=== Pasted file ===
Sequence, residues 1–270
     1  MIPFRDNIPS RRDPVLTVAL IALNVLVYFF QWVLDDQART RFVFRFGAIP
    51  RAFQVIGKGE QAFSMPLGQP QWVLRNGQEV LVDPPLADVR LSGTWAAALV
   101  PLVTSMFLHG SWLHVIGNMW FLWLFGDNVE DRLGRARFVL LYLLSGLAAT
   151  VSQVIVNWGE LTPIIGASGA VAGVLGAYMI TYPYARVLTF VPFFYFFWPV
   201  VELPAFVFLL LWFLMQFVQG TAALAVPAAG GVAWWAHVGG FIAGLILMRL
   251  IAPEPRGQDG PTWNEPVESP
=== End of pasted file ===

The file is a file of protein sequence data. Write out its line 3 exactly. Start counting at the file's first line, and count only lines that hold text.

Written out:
    51  RAFQVIGKGE QAFSMPLGQP QWVLRNGQEV LVDPPLADVR LSGTWAAALV